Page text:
“Girls Trip” star Regina Hall and “Black-ish actress Marsai Martin both play Jordan Sanders in the pic. Hall is a mean girl/tech mogul who is transformed into the child version of herself. “Insecure” creator Issa Rae plays Jordan’s long-suffering assistant April in this Will Packer produced comedy about the price of success, the power of sisterhood and having a second chance to grow up – and glow up – right.
14-year-old Martin serves as an executive producer on the project, making her the youngest producer on a Hollywood production.
EUR/Electronic Urban Report caught up with Tina Gordon Chism (ATL, Drumline, What Men Want) to dish about the home entertainment release of “Little,” working with her dynamic leading ladies and what she would do differently if she had to be little all over again.
Get into our Q&A below.
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Considering all that life has taught you thus far, if you had to be little all over again, what would you do differently?
Tina: I spent a lot of time worrying as a kid. I was a worrier. I worried about what other people thought about me. I worried about what was going to happen the next day. I was the most worrying kid you’ve ever met. And it wasn’t until late in life that I realized that worrying is the biggest waste of energy and time. I mean, I was an act. I would be exhausted from worrying – imagining scenarios and then worrying about them. And I think I would tell myself – ‘Self, do you know worrying is the biggest waste of time of life? It solves nothing.’ It resolved nothing and it’s based on nothing. So I would tell myself, don’t worry so much. That’s what I would say.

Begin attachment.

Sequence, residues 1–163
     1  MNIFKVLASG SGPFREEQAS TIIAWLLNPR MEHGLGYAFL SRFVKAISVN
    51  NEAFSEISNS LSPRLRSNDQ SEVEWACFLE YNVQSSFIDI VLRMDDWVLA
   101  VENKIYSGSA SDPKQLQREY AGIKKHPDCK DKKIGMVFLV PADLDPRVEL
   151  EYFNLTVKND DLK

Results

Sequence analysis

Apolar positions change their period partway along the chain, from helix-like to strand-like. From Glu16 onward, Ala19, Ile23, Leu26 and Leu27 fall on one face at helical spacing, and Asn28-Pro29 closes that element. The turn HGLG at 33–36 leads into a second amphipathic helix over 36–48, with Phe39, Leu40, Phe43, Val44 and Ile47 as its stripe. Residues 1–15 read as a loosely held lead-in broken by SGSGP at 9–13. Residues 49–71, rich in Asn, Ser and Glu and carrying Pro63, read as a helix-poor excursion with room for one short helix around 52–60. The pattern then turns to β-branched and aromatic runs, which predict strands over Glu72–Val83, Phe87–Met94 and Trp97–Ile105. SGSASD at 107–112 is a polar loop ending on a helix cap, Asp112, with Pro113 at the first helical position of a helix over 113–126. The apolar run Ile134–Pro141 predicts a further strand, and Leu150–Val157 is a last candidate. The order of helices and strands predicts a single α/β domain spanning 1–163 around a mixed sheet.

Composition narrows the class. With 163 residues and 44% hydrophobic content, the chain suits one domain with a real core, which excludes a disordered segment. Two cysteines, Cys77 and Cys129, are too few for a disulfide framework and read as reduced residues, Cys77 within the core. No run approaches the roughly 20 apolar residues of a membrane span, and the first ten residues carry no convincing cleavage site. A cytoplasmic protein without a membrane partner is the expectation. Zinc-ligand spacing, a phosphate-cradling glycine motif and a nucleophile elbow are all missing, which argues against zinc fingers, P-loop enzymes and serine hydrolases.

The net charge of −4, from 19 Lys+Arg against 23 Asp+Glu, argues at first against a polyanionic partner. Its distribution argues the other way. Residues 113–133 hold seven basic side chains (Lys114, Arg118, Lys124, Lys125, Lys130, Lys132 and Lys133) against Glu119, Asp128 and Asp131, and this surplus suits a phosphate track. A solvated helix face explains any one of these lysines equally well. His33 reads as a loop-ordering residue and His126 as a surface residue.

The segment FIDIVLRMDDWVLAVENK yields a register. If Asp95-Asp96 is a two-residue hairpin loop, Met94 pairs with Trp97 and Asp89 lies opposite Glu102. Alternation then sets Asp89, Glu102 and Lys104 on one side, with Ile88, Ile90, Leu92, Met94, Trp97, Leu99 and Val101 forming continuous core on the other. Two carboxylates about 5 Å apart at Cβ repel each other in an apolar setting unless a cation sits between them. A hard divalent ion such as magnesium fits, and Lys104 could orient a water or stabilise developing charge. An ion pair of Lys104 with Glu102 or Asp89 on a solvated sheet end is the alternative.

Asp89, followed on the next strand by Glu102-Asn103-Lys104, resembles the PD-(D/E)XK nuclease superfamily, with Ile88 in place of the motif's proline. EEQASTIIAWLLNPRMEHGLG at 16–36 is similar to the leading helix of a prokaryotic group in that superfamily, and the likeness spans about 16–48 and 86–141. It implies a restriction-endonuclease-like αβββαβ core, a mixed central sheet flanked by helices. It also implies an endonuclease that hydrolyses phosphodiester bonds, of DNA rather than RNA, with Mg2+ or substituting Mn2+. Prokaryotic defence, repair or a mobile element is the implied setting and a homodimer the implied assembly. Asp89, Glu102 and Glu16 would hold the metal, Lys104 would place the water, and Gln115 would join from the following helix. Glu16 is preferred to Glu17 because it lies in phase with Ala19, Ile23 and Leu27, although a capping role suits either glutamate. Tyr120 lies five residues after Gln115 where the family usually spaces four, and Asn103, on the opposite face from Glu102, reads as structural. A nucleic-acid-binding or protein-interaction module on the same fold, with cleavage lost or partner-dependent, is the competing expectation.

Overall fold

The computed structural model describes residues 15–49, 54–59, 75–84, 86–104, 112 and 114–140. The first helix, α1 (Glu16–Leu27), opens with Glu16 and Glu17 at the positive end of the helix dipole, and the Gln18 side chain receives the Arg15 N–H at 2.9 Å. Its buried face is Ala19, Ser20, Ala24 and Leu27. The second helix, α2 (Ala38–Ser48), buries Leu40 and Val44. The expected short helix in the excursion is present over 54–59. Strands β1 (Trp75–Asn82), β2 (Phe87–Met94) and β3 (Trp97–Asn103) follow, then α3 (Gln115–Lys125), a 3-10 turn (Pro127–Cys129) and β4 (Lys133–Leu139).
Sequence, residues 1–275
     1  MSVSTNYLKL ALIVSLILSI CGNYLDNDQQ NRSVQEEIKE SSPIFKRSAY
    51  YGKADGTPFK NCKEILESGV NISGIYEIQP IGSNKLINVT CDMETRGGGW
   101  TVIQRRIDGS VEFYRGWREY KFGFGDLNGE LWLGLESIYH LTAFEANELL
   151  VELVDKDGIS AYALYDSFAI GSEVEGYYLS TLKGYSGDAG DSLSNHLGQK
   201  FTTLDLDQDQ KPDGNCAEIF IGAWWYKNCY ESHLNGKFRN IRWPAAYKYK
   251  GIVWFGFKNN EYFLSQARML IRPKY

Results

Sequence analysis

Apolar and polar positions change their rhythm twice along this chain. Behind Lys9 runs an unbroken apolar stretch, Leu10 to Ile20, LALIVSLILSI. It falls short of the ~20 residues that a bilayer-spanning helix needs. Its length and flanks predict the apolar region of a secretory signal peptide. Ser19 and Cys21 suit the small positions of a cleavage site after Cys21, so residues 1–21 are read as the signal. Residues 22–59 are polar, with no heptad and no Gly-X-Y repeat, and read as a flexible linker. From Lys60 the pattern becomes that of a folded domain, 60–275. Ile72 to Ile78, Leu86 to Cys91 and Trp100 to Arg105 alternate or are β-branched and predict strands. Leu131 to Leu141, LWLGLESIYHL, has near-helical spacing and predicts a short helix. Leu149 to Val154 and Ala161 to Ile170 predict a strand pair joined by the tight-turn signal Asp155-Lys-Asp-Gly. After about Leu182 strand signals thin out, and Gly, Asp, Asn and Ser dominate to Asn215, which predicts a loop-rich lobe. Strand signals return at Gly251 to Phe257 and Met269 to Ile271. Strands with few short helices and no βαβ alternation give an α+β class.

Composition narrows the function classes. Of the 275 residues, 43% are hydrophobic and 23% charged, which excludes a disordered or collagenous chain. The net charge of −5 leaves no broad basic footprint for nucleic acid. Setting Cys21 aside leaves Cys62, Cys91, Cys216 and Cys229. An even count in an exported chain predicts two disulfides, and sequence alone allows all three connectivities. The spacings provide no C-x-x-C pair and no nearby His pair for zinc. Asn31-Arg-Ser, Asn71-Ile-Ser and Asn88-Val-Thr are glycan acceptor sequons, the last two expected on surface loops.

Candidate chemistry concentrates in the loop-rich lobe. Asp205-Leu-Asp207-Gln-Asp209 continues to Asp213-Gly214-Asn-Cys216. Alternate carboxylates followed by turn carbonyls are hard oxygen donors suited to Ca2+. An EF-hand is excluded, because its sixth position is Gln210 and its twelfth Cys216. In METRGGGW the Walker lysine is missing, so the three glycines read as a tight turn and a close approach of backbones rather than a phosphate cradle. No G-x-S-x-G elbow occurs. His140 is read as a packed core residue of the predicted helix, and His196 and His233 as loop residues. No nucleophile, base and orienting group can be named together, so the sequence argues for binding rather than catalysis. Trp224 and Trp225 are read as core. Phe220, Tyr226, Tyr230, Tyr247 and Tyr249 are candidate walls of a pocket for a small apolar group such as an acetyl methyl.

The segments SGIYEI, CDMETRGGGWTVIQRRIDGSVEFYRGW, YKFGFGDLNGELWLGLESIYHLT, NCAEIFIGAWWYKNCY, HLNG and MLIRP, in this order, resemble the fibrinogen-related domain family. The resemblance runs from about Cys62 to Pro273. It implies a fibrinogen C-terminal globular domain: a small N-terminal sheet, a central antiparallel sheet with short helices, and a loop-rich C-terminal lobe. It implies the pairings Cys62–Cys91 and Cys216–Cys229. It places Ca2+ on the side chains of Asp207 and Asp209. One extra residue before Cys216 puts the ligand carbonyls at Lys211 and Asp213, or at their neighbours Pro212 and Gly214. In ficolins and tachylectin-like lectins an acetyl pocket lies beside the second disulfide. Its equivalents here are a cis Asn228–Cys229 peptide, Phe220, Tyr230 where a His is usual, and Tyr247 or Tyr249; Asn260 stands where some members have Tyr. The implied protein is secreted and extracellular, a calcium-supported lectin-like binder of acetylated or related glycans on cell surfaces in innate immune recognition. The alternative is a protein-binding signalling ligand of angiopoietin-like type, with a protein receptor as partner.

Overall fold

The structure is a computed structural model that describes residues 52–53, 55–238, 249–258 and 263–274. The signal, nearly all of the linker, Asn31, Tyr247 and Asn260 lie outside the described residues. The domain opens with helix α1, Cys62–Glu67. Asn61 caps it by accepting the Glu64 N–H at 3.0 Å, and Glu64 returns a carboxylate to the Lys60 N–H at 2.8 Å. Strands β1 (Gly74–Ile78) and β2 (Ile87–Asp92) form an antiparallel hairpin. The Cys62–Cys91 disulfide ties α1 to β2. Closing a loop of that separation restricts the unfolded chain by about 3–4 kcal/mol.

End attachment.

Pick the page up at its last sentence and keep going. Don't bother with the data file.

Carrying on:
One thing that resonated with me about this film is the bullying theme. When I was young, I was a victim of bullying, and the gal who bullied me is still a bully as an adult.
Tina: Oh my God!
Right! So the bullying and sisterhood themes that drive this film, are they personal for you in any way?
Tina: We just had a new election and there was so much meanness and it went from great-to-mean overnight. And I started thinking about a bully, sort of based on our newly elected president. And it got me thinking about bullying and I was like, this must happen from childhood and then you grow up to continue to be this person if you don’t address it. And that’s literally what happened. It was just based on the idea if you behave badly as an adult, what could you change in your childhood to adjust being a bully now, and what caused you to be a bully in the first place? When I was researching bullying, I read that they’re usually bullied themselves. So that’s how it happened that Little Jordan was bullied as a kid.
Talk about the process of co-writing this film with Tracy Oliver. How many drafts did you go through and when did you know this script was done and ready to shoot?
Tina: Sometimes you co-write with a person and they’re your writing partner. In this case, Tracy had written a previous draft and the studio wasn’t quite ready to move into production with it. They couldn’t figure out what was wrong, what was missing and Will (Packer) asked me to take a look at the script. Sometimes it happens when you get a script that the studio is not quite ready to put into production and you have to figure out what could get it there. And so, after meeting Marsai, I basically changed a little bit of the math of the script so that it became a buddy comedy. I realized Marsai would be funnier and more effective in scenes with an adult. I kind of shifted some of the math of the script to make it that Issa Rae’s character was the secretary to Jordan (Regina Hall). So when Big Jordan turned little, into Marsai, that meant most of the scenes would be between Marsai and Issa. I think the strongest part of the movie is their comedic chemistry.